[media-credit name=’Megan McCormick / The Badger Herald’ align=’alignnone’ width=’648′]Defensive tackle and co-captain Patrick Butrym vows Wisconsin will “do it right this time
Harmonisation of technical standard, probity checks and even harm minimisation methods are to be welcomed in creating better regulation across jurisdictions, in our view; discussing issues across a broader geographic framework may also improve regulatory responsiveness, industry knowledge and effectiveness. But the big questions of tax, product and licensing openness are highly political and still highly state-specific. Any hopes that harmonisation means liberalisation are dangerously misplaced, in our view. Instead, it would be worth considering that at least three major licensees will start 2019 on Sweden’s naughty step for breaches of licensing conditions in the UK. In other words, greater harmonisation at the regulatory layer will likely make regulators more effective, but not in ways that many operators necessarily want.Europe: sports integrity – Mims the wordThe UK has joined the 32 of 47 Council of Europe Member States in signing the Macolin Convention. The convention was introduced in 2014 in an attempt to coordinate nations in the fight against corruption within sports. It has gained support from member states and non-members, and with ratifications from Norway, Portugal and Ukraine, it needs two further member states to ratify before it can be promulgated. US: sportsbetting legislation – bring in the feds…The latest Federal sportsbetting bill calls for a level of Federal oversight to state betting legislation, with a Federal approval system for operators, including a UIGEA-specific bad actor clause (potentially an issue for Stars, though with some interesting Wire Act interpretation issues to contend with), a national betting integrity data body, as well as a requirement for operators to use ‘official’ sports data. It is hard to see states tolerating this or for the ‘compromise’ to satisfy proponents of federal intervention. However, that the debate is being had should highlight an underlying issue that is unlikely to go away, in our view. A patchwork of state-by-state regulatory regimes is probably only as stable as it is collectively competent. A big scandal involving integrity, graft, bad actors or gambling related harm (not yet fully a ‘thing’ in the US) is likely to have profound repercussions on the entire model and potentially invite full Federal intervention. With so many operators, stakeholders (and some regulators) rushing in, the systemic risks being built up are probably greater than is currently being appreciated or planned for.US: sportsbetting legislation – DC’s comic approach?Washington DC is in the process of passing legislation that will create a sportsbetting regime with one app powered by its lottery. Most commentators (which would be frozen out of the market) are calling the proposed scheme flawed, though one political response that to invite competition would cost the state US$66m follows a logic lost on us. The hoped-for return of US$92m over four years on a 10% levy suggests an annual average GGR of US$230m – or US$330 annual spend per head if 10% of the DC population participated. On the face of it, this looks at the upper end of reasonable. However, while c. 50% of the more casual player population might be happy with a monopoly, this starts to decouple with harder gamblers and the budget suggests harder gamblers are necessary to raise the expected taxes, which could be challenged by leakage. Possibly the one positive from the emerging US patchwork is that nearly every notion of fiscal-economic-commercial model is likely to be tested over the next five years or so, no matter how stretched the underlying theories… Next week (Brexit permitting) brings the final round of DCMS oral questions in this most bruising of years in Westminster for Britain’s gaming and betting companies and for the Government’s gambling policies. In the upper chamber, the Liberal Democrat Lord Storey (a career educationalist) asked about resources to tackle “gambling addiction” (and to provide preventative education) amongst children; while the Conservative peer Lord Chadlington once more raised concerns about youth gambling (and harm) via loot boxes in video games. UK: in Parliament – red mist clouds seasonal cheer Tom Watson has written his list. He’s checked it twice. He’s pretty sure he knows whether the Government’s gambling policy is naughty or nice. Related Articles Winning Post: Swedish regulator pushes back on ‘Storebror’ approach to deposit limits August 24, 2020 Flutter moves to refine merger benefits against 2020 trading realities August 27, 2020 It seems obvious that better engagement between GambleAware and the industry that funds it would have made it clear that the ad campaign was not required. Thus the money that paid for the ads might have been spent on more worthy endeavours (increased support for front-line services for example). Sanity dictates that the much larger GambleAware and Public Health England advertising campaign (conceived as a DCMS fudge to justify non-intervention on advertising) should now be reassessed and, if necessary, binned. We suspect though that a range of vested interests will be keen to see matters through (assuming of course that the assumed funding mechanism still works). The RGSB’s progress reports on the plan (highly subjective and arguably not in keeping with its own evaluation protocol) have tended to focus on the state of progress rather than attempting to understand its causes. None of this is the fault of the RGSB (a group of highly respected but poorly resourced experts from a range of disciplines and backgrounds); but it does illustrate the extent to which there is room for improvement. EU: online regulation – harmony or orchestrated discord?With Slovakia bringing the number of EU Member State POC regimes up to 18 in 2019 (counting UK for the first 3 months at least; treating Malta as POS), the currently debated question of EU harmonisation is perhaps more relevant than ever. With the Expert Group on Gambling Services due to be wound up by year end, formal progress remains non-existent and even this weak impetus is now being removed. However, regulators are likely to continue to meet and discuss areas of cooperation. On many levels this is a good thing, but it is not, we believe what most of the industry is hoping for. Anyone familiar with the politics of gambling and the machinations of trade associations will realise that the Remote Gambling Association’s proposed curbs are the result of months of painstaking discussions. No-one should be deluded into thinking that there is cause and effect between ‘We Want Our Ball Back’ and the industry’s self-denying ordinance on advertising. Share Share The breakdown in relations between GambleAware and the gambling industry ought to be a matter of concern to all involved. The dysfunction appears to be an exaggerated response to past criticism that the charity enjoyed an unhealthily cosy relationship with operators. Its chief executive, Marc Etches was unkindly and unfairly pilloried during the FOBT debacle and also had to suffer the indignity of a Charity Commission review (based on unfounded allegations). We should not be surprised if these things left their mark on a board of trustees now shorn of industry representation. The initial consultation period runs to 15thFebruary and represents a critical opportunity for all those concerned about gambling-related harm (and by association the health of Britain’s licensed gambling industry) to have their say on what happens next. In particular, the strategy will set expectations for licensee efforts to reduce harm. GambleAware faces an invidious task of trying to find a soft spot between a rock and a hard place but the events of recent weeks suggest that the balance is not quite right. In particular, we need to nix the mistaken notion that close engagement with the industry that funds it might somehow corrupt the important work with which the charity has been entrusted. Watson, the Deputy Leader of the Labour Party, Shadow Culture Secretary and Honourable Member for West Bromwich East fired in a salvo of parliamentary questions this week with the aim (at least in part) of raising concerns about whether gambling-related harms may be particularly acute at this time of year. These are busy times for an embattled industry – but carving out some space over the next two months for a properly considered response to the formal consultation is likely to be in the best interests of operators and also of their customers, who are at least notionally meant to be at the heart of gambling policy. Australia: regulation – Canberra takes a lead on remote gambling protectionsThe publication of Australia’s National Consumer Protection Framework for Online Wagering represents the jurisdiction’s attempt to catch up to the changes in the gambling market wrought by online gambling; as well as some new leading practices that are likely to be copied in other parts of the world. More novel developments (potentially coming to a jurisdiction near you) include bans on payment by credit, an end to sign-up offers, a requirement (in time) for operators to issue customer statements of betting activity and switching limit-setting tools ton an opt-out basis. On a less positive note, the announcement also highlighted the monumental hubris of the public health lobby’s current approach to harm reduction. The leaked announcement came just a little over a week after the launch of GambleAware’s ‘We Want Our Ball Back’ advertising campaign – which as we reported last week was an apparent attempt to shame the industry into taking action on advertisements. Regulus Partners, the strategic consultancy focused on international gambling and related industries, takes a look at some key developments for the gambling industry in its ‘Winning Post’ column.UK: Regulation – It’s not funny that we don’t talk anymoreReports this week that British gambling operators will take action to effectively bar themselves from advertising on television during live sports broadcasts represents a rare triumph of pragmatism. It may have a very limited effect on gambling-related harm but it does at least provide further evidence that the major players in this market are learning how to bend with the wind. It may or may not be the ‘right’ thing to do – and there is something unsettling about the Culture Secretary, Jeremy Wright applauding an action that his department felt unwilling to pursue through legislation – but the industry deserves far more credit than it has so far received for stepping up to resolve a damaging issue. UK: horseracing – when is a pay rise not a pay rise?There was good news for workers who care for racehorses this week, after a more flexible working week, and wage increase were announced. Negotiations between the trade bodies representing ‘stable staff’ and racehorse trainers (their employers), resulted in a 4% minimum wage increase with a 40 hour week to replace the current arrangement of 85 hours per fortnight. Overtime payment of ‘time and a half’ are to take the place of double time Sunday payments, however, 5 hours compulsory Saturday morning work will remain. In theory, this should mean better basic pay, the ability to earn more through overtime payments and a better work life balance. However, the EU working time directive (which the racing industry often struggles to comply with due to the nature of the job – particularly when driving and caring for horses at the races) may cause a headache for some (1 day off per 7 days of work, 11 hours off between each 24 hours and a maximum quota of 48 working hours per week). The reality is a decrease in annual basic pay of £373 (using the national minimum wage as the starting point), and an even more irregular working week, which is likely to be less attractive to those with young families. While any effort to making working within the industry more attractive to all age groups should be applauded, this may be considered a sideways step. Racing is reliant on its workforce and while many trainers are responsible employers, there are a still some who do not comply with basic employment laws and procedures. It may be that the BHA should review licencing criteria for trainers in order to prevent this further damaging the reputation of the sport. Perhaps most importantly, after Britain leaves the EU in March next year (as it still likely) British horseracing will need to ensure an attractive working environment for home grown and broadly international workforce given that the option to access relatively cheaper EU labour is likely to become materially harder.UK: regulation – Gambling Commission consults on harm preventionThis week, the Gambling Commission commenced its consultation process for the next three-year strategy for harm minimisation. Some fairly obvious mistakes were made with the formulation and execution of the present three-year strategy. Weak engagement with the industry at the outset meant that operators never truly considered it to be their strategy; the promised support for licensees from GambleAware and the Gambling Commission has not materialised in any meaningful or constructive fashion; and crucially the strategy did not incorporate a plan for delivery. In truth, the National Responsible Gambling Strategy for 2016 to 2019 has been more a set of noble aspirations than a strategy. Citing concerns that problem gambling rates for online is three times the level of traditional platforms, Canberra’s Department of Social Services sets out ten measures to address concerns. These include a speeding up of customer verification requirements (from 90 days to a still fairly generous 14), simple account closure policies, staff training for “responsible gambling”, a national remote industry-wide self-exclusion register and the prohibition of adverts for payday loans on betting sites (which presumably some bright spark somewhere thought was a good idea). We are not sure how valid such concerns are (call volumes to GamCare’s national helpline may be a useful guide) but it seems reasonable to ask such questions. Watson’s wide-ranging enquiries (he considers that there is a sufficiently large number of issues with current legislation to warrant a new Gambling Act) also took in sales of scratchcards to children (currently legal for 16-year-olds and 17-year-olds) and the use of cartoon characters within adverts for gambling. The DUP’s David Simpson (Upper Bann) also wanted to know how the Government planned to address concerns about gambling advertisements (when as it turned out, he ought to have been asking the RGA). Judging on the nature of the Gambling Commission’s consultation process, the regulator is keen to learn from past mis-steps, which is in itself highly encouraging. This campaign, which seemed misguided in the first place now looks thoroughly redundant (yes, there is still the matter of sponsorship, but this was primarily an advertising-driven vehicle), which leads to the question of whether it might have been avoided entirely. GambleAware: Engage those with lived experience of gambling harms August 28, 2020 It seems highly unlikely that the current strategic plan (which is entering its final six months) will be judged as a success; and equally as likely that licensees will be blamed for falling short. However, the Responsible Gambling Strategy Board and the Gambling Commission ought to resist the temptation to simply blame the industry – in part because to do so would be unfair (the strategy was conceived as a collaborative effort with operators allocated responsibility for a minority of its 12 priorities) but more importantly because misdiagnosis of failings tends to result in poor solutions. Submit If licensees are once again expected to play an important role in the attainment of the new strategy, it is essential that they engage and are engaged with the process. Other stakeholders (including concern groups) should also be involved; but we must not allow dogmatic mistrust of the industry to cloud the obvious fact that a successful plan to reduce gambling-related harm requires the insight and enthusiastic support of operators rather than their grudging acquiescence. StumbleUpon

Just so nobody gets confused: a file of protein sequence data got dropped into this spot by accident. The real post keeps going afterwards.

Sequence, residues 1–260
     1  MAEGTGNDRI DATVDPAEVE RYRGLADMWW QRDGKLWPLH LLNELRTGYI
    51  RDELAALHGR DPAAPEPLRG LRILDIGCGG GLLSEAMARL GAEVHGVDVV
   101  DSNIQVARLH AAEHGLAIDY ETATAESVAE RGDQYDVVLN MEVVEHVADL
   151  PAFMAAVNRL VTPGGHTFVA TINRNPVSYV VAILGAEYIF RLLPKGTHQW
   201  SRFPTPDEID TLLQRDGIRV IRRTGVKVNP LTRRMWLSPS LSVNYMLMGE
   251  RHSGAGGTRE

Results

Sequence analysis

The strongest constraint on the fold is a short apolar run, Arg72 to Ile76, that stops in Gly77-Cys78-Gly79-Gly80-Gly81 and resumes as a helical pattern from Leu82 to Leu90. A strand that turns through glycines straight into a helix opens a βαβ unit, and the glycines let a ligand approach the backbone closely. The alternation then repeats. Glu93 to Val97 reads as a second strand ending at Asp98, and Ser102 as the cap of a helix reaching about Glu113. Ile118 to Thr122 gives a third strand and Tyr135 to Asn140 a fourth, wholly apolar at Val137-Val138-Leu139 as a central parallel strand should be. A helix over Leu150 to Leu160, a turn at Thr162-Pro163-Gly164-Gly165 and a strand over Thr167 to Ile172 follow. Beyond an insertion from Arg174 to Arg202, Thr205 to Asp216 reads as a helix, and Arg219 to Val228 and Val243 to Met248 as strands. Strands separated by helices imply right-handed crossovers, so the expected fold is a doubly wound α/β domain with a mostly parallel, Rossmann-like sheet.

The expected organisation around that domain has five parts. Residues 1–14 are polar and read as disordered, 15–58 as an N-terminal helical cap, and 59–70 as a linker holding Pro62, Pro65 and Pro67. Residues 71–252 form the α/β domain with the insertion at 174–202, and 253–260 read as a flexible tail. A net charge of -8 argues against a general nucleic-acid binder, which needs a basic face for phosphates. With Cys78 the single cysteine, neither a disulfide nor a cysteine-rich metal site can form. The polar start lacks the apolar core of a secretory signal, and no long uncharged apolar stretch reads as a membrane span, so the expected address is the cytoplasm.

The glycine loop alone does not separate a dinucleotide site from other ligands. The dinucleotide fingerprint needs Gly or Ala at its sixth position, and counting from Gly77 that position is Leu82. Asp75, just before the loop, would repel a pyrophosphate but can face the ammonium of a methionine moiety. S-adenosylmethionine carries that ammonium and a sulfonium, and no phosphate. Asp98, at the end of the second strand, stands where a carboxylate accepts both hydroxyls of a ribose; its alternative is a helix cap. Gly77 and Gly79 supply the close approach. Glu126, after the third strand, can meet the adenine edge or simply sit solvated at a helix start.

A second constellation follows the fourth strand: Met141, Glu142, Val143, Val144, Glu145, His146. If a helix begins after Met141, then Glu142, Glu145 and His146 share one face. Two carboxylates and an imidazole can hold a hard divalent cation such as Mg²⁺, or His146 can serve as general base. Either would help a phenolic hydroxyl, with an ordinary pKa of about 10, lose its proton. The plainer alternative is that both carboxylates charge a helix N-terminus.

Lausanne, Switzerland | AFP | The Rio 2016 cash-for-votes inquiry in Brazil has placed the International Olympic Committee under a fresh cloud of corruption less than a week before it is due to award the 2024 Games to Paris.Almost two decades after its image took a battering with the Salt Lake City 2002 bribery affair the IOC finds itself at the centre of a new scandal.It centres on Brazil’s Olympics chief, Carlos Nuzman, who Brazilian officials on Tuesday accused of being the “lynchpin” in a plot to bribe the IOC into awarding Rio de Janeiro last year’s Games.Former IOC member Nuzman was taken in for questioning with his passport confiscated and his house searched.Brazilian police say they are probing “an international corruption scheme” aimed at “the buying of votes for the election of (Rio) by the International Olympic Committee as the venue for the 2016 Olympics.”Rio won the right to hold South America’s first Olympics, beating off competition from Madrid, Tokyo and Chicago at a 2009 IOC Congress in Copenhagen.An arrest warrant was issued for Arthur Soares, a businessman who won lucrative pre-Olympics contracts from Rio’s government.One of his former associates was arrested in Rio and 11 properties were subjected to search and seizure raids. One of them was in Paris, French authorities said.Prosecutor Fabiana Schneider told a press conference that Soares, known in Brazil as “King Arthur,” allegedly bribed the son of disgraced Senegalese IOC member Lamine Diack before the 2009 vote in Denmark.Diack, who was head of the International Association of Athletics Federations (IAAF) at the time, had considerable influence over African votes on the IOC.Nuzman, Schneider said, had been the “lynchpin” between Soares and the son, Papa Massata Diack.– Credibility at risk –One seasoned Olympic observer told AFP on Wednesday the dramatic developments in Rio could prove a disaster for the IOC, depending on how the police inquiry evolved.“The IOC can currently defend that it was the action of a rogue group masterminded by the Diack family,” said Patrick Nally, the Briton who founded the IOC’s ‘TOP’ sponsorship programme. Share on: WhatsApp If however other IOC members are outed by having received similar payments from the Diack pot, and the claimed action regarding the Tokyo vote is evidenced, the IOC credibility will be in “tatters” as it will be going in the same direction as FIFA, with Salt Lake being seen as a mere “plaster over the cracks”, he went on to warn.“Taking Nuzmann down is one thing as it characterises that all the issues are Brazilian issues, naming more IOC members changes the matter significantly, but will the French with their Olympic trophy have the appetite to go further?”The IOC appeared to be taken by surprise by news of the extensive Brazilian police operation on Tuesday.“The IOC has learned about these circumstances from the media and is making every effort to get the full information,” an IOC spokesman said at the organisation’s headquarters in Lausanne.“It is in the highest interests of the IOC to get clarification on this matter.”Brazilian investigators have worked closely with a similar French probe into the vote buying and French officials, including well-known anti-corruption judge Renaud Van Ruymbeke, attended the raid on Nuzman’s home.A lawyer for Nuzman, Sergio Mazzillo, said his client “says he did not act in an irregular way, that he did nothing wrong during the campaign.”The charges swirling around Rio’s bid revive memories of the bribery scandal attached to the designation of Salt Lake City as the venue for the 2002 Winter Games.That led to 20 IOC members being either kicked out of the Olympics’ ruling body or pleading guilty to accepting bribes for votes.That affair led to the IOC rewriting the rule book on how it went out about awarding future Games.“Protecting the integrity of the candidacy process remains of the highest interest to the IOC as does identifying and punishing any infraction,” the IOC recalled this week.The IOC meets in Lima, Peru on September 13 to officially unveil Paris as the hosts of the 2024 Games with Los Angeles set to be attributed the 2028 Olympics.